by Rick Snider

With needs aplenty and choices, too, figure the Washington Redskins to make a marketing splash with their first-round selection on April 27.

The Redskins will surely look at defensive linemen and linebackers, but a running back, speedy receiver or quarterback is a possibility, too. After all, who picked Washington to take receiver Josh Doctson in the first round last year? Nobody, that’s who.

The logical choice would be either Michigan State defensive lineman Malik McDowell, Alabama linebacker Reuben Foster or Michigan linebacker Jabrill Peppers. Any of the three fills a need.

But so would Florida State running back Dalvin Cook, Washington receiver John Ross, North Carolina quarterback Mitchell Trubisky and Clemson passer Deshaun Watson.

Redskins fans unhappy with the offseason dismissal of general manager Scot McCloughan and sitting on their season-ticket renewals want a playmaker. And while defense wins games, offense sells tickets and that’s the Redskins Way.

Still, taking a quarterback would essentially tell Kirk Cousins he’s either being traded or playing one season. Frankly, why keep Cousins with his successor on the roster? Better to play Colt McCoy for a season while getting the rookie ready and trade Cousins for whatever the market offers.

That’s still an option, but an improbable one. Most likely, Watson is gone before the Redskins pick and probably Trubisky, too. Despite naysayers, passers always go higher than expected a month out from the draft. Panic buying sets in and teams leave their board rankings and select a quarterback.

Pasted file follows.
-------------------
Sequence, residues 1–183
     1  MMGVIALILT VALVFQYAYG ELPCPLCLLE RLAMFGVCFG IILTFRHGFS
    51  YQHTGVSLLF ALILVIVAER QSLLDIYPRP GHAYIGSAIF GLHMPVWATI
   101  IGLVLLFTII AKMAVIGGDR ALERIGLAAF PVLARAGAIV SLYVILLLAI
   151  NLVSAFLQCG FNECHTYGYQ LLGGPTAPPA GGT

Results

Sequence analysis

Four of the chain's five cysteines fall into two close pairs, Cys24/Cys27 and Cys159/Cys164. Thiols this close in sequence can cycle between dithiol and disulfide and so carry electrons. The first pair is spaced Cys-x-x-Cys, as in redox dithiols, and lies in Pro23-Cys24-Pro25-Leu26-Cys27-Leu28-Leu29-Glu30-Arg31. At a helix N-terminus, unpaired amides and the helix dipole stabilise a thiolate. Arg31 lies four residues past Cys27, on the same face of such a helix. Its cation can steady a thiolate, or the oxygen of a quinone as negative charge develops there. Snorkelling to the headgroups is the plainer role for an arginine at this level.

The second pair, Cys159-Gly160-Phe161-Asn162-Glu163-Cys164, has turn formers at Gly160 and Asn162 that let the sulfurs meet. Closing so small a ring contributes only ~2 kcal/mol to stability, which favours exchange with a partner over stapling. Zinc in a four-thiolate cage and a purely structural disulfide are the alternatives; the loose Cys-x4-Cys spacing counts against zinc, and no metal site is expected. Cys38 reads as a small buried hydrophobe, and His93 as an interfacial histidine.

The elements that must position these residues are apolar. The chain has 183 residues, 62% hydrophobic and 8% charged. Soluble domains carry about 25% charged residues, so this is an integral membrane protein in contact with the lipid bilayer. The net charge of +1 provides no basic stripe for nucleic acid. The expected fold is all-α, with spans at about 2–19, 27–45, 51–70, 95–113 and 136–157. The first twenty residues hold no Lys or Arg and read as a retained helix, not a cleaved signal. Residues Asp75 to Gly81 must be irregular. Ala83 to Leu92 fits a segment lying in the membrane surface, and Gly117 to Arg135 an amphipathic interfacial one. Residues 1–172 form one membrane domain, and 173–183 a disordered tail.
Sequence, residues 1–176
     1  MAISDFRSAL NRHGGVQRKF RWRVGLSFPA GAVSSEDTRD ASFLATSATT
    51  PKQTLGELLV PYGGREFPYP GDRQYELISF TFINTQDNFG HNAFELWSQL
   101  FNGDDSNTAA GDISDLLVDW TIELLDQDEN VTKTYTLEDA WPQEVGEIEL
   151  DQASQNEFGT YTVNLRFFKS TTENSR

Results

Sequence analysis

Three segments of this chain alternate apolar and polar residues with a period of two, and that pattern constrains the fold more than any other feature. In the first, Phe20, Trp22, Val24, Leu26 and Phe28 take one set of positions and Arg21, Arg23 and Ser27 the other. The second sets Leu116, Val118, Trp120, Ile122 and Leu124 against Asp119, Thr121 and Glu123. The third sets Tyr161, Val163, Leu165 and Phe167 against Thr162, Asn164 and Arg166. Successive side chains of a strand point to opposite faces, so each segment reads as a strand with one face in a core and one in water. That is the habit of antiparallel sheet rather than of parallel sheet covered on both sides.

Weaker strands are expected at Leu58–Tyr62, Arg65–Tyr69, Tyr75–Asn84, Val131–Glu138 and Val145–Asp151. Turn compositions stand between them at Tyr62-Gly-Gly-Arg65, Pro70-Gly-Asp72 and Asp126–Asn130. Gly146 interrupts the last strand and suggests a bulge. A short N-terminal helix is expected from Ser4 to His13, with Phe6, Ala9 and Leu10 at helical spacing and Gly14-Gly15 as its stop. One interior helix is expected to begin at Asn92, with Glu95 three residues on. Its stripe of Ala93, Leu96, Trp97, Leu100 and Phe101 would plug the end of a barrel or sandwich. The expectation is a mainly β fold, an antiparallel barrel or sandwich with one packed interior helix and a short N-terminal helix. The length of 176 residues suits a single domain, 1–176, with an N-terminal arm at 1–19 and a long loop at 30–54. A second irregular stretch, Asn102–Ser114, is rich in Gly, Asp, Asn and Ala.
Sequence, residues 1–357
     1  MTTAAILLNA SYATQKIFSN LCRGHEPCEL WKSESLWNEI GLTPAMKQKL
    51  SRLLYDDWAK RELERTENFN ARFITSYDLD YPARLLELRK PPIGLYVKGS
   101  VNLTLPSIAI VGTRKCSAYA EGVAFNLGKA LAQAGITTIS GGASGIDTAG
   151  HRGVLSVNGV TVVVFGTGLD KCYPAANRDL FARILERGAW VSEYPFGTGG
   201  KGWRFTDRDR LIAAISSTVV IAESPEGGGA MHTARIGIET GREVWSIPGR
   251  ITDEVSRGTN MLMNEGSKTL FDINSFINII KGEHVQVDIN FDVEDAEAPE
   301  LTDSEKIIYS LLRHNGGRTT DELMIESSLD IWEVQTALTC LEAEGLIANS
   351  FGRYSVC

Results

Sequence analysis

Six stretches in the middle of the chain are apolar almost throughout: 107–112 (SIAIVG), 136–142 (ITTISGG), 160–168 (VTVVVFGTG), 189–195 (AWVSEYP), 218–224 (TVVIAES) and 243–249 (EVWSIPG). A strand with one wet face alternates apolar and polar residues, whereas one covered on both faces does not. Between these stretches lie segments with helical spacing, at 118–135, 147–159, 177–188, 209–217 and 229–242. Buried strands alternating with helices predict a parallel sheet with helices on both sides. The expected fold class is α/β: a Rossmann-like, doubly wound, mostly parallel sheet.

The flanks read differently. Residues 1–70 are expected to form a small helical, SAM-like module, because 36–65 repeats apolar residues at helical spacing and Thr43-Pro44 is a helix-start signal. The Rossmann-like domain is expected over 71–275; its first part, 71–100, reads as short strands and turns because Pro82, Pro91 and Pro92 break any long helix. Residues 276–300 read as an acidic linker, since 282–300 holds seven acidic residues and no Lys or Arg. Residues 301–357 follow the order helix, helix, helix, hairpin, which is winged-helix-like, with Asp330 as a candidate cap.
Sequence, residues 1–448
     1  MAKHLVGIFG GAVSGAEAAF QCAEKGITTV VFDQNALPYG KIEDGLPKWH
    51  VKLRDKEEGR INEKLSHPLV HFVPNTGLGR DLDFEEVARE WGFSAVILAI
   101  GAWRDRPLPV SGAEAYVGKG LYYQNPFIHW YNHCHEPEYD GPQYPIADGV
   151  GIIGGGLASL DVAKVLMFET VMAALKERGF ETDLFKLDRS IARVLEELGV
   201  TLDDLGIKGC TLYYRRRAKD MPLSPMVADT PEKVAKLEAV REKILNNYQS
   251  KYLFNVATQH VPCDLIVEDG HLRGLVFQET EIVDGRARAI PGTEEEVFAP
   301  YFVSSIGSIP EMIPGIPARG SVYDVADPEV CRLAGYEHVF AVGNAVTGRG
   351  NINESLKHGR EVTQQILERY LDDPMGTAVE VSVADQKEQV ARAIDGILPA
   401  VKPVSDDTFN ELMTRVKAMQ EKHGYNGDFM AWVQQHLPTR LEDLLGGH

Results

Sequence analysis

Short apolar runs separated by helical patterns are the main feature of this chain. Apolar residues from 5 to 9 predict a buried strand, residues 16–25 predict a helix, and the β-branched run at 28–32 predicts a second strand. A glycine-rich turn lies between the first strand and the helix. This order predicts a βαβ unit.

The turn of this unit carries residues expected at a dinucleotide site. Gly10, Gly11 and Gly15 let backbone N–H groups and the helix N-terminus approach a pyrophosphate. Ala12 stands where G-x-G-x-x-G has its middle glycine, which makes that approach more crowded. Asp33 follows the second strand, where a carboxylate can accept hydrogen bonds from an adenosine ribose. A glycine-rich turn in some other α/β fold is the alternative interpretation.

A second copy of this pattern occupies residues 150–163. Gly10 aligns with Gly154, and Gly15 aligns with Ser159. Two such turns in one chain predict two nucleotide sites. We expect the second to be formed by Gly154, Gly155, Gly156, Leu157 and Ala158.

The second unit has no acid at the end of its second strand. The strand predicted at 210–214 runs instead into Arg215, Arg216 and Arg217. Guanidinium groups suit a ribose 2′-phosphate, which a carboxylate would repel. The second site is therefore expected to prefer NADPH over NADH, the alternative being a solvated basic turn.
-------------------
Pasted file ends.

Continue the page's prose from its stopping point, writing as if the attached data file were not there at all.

Ross is a perfect replacement for departed DeSean Jackson. Washington only signed Terrelle Pryor for one year, and Ross’ 4.22 seconds over 40 yards at the NFL Combine is Darrell Green kind of fast. But can the Redskins really keep investing in the offense when the defense undermined last year’s playoff chances?

The Redskins haven’t taken a running back in the first round since 1967 so why would they pick Cook? For starters, they really need a running back and Ezekiel Elliott proved last season it’s OK to invest in the ground game once more.

Still, 50 years since taking a running back? That’s a weird trend that may say something. The Redskins have picked up some of their best runners off other rosters like John Riggins, Terry Allen and Clinton Portis.

Maybe fans prefer 30-27 scores than 21-17. It’s what makes the NFL so popular. But the Redskins have lost too many shootouts to ignore the defense. The line is worse than last season after swapping veterans Chris Baker and Ricky Jean Francois for two journeymen and that’s saying something given Washington was 24th against the run.

The Redskins should grab a defensive playmaker in the first round and even the second, but the lure of offensive firepower too often wins out in draft rooms.

Rick Snider has covered Washington sports since 1978. Follow him on Twitter @Snide_Remarks.


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